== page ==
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Coronavirus: 20,554 new cases confirmed in Ireland as new PCR regime announced

The latest figures were reported by the Department of Health today.
Dec 30th 2021, 7:07 PM 264,124 396

Updated Dec 30th 2021, 7:11 PM

PUBLIC HEALTH OFFICIALS have confirmed an additional 20,554 cases of Covid-19 in Ireland

As of 8am, 619 people were in hospital with the virus, 88 of whom were in intensive care.

There were 568 people in hospital with the virus on Monday, 93 of whom were in intensive care.

This evening, changes were announced to guidelines regarding PCR and antigen testing as well as to the amount of days those positive for Covid have to self-isolate. 

Chief Medical Officer Dr Tony Holohan said: “For the fourth time this week, we are reporting Ireland’s highest ever number of confirmed cases of Covid-19.

“The most effective way to minimise the risk of any of us transmitting this virus to others is to avoid mixing indoors with people from other households. I know this is not the advice any one of us wants to hear, particularly in advance of New Year celebrations. However, given the current profile of the disease, it is essential that all of us continue to keep our social contacts as low as possible in the days ahead.” 

In the last 24 hours, 148 people with Covid-19 were either admitted to hospital or received a “detected” test result while in hospital.

“Hospitalisations at this level are not sustainable and are having a significant impact on our health service,” he said.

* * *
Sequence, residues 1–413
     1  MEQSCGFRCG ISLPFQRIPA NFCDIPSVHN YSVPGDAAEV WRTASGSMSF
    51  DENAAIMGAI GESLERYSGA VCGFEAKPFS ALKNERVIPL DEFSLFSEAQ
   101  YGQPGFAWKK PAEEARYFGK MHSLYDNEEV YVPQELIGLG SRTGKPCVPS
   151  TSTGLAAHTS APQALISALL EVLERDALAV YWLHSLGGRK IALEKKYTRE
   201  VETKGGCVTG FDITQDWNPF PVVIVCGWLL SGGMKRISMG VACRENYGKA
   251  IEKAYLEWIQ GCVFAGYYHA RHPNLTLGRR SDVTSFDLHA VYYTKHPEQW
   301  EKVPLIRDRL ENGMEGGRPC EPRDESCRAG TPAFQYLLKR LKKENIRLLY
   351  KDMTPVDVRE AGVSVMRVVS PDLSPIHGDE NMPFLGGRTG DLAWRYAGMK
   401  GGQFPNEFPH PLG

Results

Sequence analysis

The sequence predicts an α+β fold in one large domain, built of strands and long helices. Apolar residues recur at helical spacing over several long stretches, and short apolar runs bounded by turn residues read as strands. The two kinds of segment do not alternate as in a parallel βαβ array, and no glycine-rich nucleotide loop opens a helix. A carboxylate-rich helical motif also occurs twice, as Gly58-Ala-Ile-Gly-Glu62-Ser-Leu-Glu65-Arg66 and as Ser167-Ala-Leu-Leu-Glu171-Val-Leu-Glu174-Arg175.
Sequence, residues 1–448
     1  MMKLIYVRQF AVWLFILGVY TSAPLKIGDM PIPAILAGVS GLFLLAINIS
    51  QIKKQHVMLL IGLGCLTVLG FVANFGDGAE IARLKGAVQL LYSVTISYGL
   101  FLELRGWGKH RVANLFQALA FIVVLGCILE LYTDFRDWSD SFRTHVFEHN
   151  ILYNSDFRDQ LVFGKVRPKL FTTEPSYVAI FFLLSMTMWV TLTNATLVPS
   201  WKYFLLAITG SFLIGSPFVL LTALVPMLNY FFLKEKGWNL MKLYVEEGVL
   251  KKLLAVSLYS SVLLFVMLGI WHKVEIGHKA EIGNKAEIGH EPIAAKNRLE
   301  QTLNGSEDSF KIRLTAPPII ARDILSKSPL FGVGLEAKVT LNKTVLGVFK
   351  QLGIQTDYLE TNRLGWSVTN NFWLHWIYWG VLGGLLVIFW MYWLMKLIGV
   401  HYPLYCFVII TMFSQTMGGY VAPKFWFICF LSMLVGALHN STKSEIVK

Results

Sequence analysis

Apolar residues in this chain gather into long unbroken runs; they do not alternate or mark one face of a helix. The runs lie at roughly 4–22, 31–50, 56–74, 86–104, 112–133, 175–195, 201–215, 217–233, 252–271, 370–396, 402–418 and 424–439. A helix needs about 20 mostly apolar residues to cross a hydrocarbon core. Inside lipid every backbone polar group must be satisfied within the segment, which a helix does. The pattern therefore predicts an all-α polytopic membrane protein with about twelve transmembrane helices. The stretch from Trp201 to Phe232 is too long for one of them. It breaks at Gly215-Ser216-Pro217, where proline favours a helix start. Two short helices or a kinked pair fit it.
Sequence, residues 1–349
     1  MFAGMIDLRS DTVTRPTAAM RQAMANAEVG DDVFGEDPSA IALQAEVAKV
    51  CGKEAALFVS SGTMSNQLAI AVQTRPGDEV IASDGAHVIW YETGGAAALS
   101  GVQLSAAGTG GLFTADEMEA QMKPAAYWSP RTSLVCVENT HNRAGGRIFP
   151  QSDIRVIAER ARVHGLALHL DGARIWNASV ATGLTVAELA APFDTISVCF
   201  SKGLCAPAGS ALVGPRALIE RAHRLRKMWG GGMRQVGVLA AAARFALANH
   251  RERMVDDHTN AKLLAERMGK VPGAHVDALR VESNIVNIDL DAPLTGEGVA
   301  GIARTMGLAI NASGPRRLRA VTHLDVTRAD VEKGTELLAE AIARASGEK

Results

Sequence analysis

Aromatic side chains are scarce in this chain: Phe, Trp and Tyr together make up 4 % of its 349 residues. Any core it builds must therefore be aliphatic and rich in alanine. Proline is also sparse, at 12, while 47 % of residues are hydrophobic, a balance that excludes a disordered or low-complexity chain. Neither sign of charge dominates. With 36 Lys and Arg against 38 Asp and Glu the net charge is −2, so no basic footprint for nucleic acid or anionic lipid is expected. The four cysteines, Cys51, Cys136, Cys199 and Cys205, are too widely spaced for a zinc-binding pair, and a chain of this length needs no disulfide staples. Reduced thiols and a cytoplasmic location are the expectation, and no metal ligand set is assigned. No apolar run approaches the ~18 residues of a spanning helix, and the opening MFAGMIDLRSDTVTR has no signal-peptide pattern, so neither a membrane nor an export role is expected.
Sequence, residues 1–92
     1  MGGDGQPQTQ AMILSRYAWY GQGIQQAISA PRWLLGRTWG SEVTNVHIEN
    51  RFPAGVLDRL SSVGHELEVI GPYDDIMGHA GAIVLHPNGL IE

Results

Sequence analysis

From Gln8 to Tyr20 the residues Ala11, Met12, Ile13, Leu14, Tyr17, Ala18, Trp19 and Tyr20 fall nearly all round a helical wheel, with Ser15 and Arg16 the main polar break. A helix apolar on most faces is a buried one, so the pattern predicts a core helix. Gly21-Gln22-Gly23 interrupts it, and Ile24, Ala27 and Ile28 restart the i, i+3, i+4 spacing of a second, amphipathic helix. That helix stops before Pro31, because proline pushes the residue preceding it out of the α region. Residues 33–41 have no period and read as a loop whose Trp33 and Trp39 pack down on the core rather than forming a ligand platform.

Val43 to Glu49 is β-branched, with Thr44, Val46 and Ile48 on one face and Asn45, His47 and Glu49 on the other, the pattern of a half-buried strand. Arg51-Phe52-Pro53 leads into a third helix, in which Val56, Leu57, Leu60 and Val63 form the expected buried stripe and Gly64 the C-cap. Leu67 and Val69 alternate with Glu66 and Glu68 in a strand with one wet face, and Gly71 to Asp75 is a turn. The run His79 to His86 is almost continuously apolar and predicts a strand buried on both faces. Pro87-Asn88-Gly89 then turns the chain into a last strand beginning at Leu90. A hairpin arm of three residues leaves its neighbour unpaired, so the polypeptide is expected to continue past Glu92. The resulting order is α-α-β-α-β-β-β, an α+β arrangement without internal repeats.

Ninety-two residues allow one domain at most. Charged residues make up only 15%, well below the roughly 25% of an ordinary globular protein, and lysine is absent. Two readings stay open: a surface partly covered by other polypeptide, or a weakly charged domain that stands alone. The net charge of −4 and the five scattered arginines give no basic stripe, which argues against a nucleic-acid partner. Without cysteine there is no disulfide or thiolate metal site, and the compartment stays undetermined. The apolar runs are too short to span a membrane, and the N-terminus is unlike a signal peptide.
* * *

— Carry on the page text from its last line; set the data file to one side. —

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Holohan added: “It is important to note that these admission figures are increasingly likely to be driven by the surge in Omicron infection which now accounts for over 90% of PCR confirmed cases in Ireland. Over 90% of people in hospital and intensive care with Covid-19 are there for the management of Covid-19; less than 5% of those in hospital or intensive care have ‘incidental’ (asymptomatic, non-infectious) disease.”

Dr Ronan Glynn, Deputy Chief Medical Officer, said Omicron is far more contagious than previous variants and incidence across the country is now much higher than at any point in the pandemic.

“Because of this, many people, despite being boosted and having taken other measures to protect themselves will be infected with SARS-CoV-2. However, their booster will protect the vast majority from serious illness or hospitalisation, and it will help to protect our health service and critical care capacity,” he said.'s coronavirus newsletter cuts through the misinformation and noise with the clear facts you need to make informed choices. Sign up here

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